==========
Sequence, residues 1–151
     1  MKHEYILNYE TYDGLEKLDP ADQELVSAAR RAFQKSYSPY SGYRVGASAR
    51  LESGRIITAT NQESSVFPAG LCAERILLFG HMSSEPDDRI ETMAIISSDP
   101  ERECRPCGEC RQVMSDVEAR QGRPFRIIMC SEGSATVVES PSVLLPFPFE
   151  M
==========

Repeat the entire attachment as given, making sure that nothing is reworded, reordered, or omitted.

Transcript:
Sequence, residues 1–151
     1  MKHEYILNYE TYDGLEKLDP ADQELVSAAR RAFQKSYSPY SGYRVGASAR
    51  LESGRIITAT NQESSVFPAG LCAERILLFG HMSSEPDDRI ETMAIISSDP
   101  ERECRPCGEC RQVMSDVEAR QGRPFRIIMC SEGSATVVES PSVLLPFPFE
   151  M